trees

Inspired Design – Updating the Front Garden

BEFORE

BEFORE – the existing garden included some lovely trees and shrubs but there was no sense of a plan or understanding of how these plants would mature. The lawn was also an arbitrary shape – a common mistake when grass is added as an afterthought.

This beautiful home was suffering from ‘plant-it-and-sell-it-itis‘.

I see this problem all the time; builders are usually required to landscape the front garden when construction is complete, so a haphazard selection of trees and shrubs are planted with little regard to their mature size, texture, form or even the homes architecture and five years later it is overgrown, over-crowded and needs to be completely re-done.

The problems

BEFORE

BEFORE – trees were planted too close to the home, blocking light and threatening to undermine the foundations.

  • Large trees were planted too close to the home, blocking light and threatening the foundations.
  • Shrubs were planted too close together and would ultimately become much too large for the space.
  • Rather than framing the home, this landscape appeared to be strangling it!
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BEFORE: an odd assortment of conifers and deciduous trees did little to welcome guests

The solution

  • Use plants of a more appropriate size
  • Space plants correctly
  • Add some additional color for winter interest while also varying texture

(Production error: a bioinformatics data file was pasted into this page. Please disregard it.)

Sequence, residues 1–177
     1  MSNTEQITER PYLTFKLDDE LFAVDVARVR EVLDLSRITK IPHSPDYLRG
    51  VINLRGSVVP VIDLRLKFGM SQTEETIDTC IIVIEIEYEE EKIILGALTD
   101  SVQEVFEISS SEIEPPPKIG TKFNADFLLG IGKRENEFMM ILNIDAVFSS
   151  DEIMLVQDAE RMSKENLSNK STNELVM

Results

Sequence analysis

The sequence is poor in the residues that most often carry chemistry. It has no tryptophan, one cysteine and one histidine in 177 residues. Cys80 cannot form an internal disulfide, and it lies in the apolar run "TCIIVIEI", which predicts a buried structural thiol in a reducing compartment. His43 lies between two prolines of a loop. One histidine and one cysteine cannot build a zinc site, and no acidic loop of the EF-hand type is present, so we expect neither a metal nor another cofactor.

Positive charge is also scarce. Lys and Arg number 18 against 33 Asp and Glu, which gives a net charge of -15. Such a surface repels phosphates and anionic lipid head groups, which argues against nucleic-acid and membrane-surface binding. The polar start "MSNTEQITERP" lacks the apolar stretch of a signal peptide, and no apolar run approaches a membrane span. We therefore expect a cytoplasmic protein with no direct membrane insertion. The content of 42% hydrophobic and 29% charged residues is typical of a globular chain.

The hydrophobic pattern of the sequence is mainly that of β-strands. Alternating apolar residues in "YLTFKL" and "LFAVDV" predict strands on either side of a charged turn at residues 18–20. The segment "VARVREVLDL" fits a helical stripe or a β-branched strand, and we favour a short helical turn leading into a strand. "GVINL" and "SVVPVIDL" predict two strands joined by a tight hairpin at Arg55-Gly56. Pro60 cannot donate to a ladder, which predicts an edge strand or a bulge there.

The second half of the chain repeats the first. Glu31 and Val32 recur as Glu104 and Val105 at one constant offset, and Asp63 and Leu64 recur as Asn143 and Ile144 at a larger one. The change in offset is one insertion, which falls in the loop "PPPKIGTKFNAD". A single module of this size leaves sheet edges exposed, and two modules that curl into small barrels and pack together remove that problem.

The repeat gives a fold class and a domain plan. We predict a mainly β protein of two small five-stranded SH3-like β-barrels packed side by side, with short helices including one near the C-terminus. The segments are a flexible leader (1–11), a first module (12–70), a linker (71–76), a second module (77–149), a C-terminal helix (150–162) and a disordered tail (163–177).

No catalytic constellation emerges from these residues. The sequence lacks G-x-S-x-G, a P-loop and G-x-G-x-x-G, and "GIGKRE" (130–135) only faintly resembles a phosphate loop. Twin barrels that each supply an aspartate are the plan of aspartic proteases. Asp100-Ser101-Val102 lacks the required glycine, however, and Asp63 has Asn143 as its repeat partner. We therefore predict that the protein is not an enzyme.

Other design criteria

  • This busy professional couple are new parents so the design needed to be low maintenance.
  • They wanted  some lawn to remain
  • The irrigation system needed upgrading

Inspiration!

The arched trim detail became the springboard for the design

The arched trim detail became the springboard for the design

I took my design cue for the shape of the new borders and lawn from this trim detail on the home.

Typically I would design a more serpentine shape but I liked the idea of reinforcing this detail and it mimics the sweep of the attractive roofline. I felt this would also provide a stronger connection between the home and the landscape.

AFTER - the revised borders mimic the arch detail and give the home some breathing space

AFTER – the revised borders mimic the arch detail and gives the home some breathing space while welcoming guests with its ‘open arms’

The lawn provides a negative space, keeps the traditional look the homeowners prefer but also enhances the theme by repeating the arc in the trim detail.

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Plant selection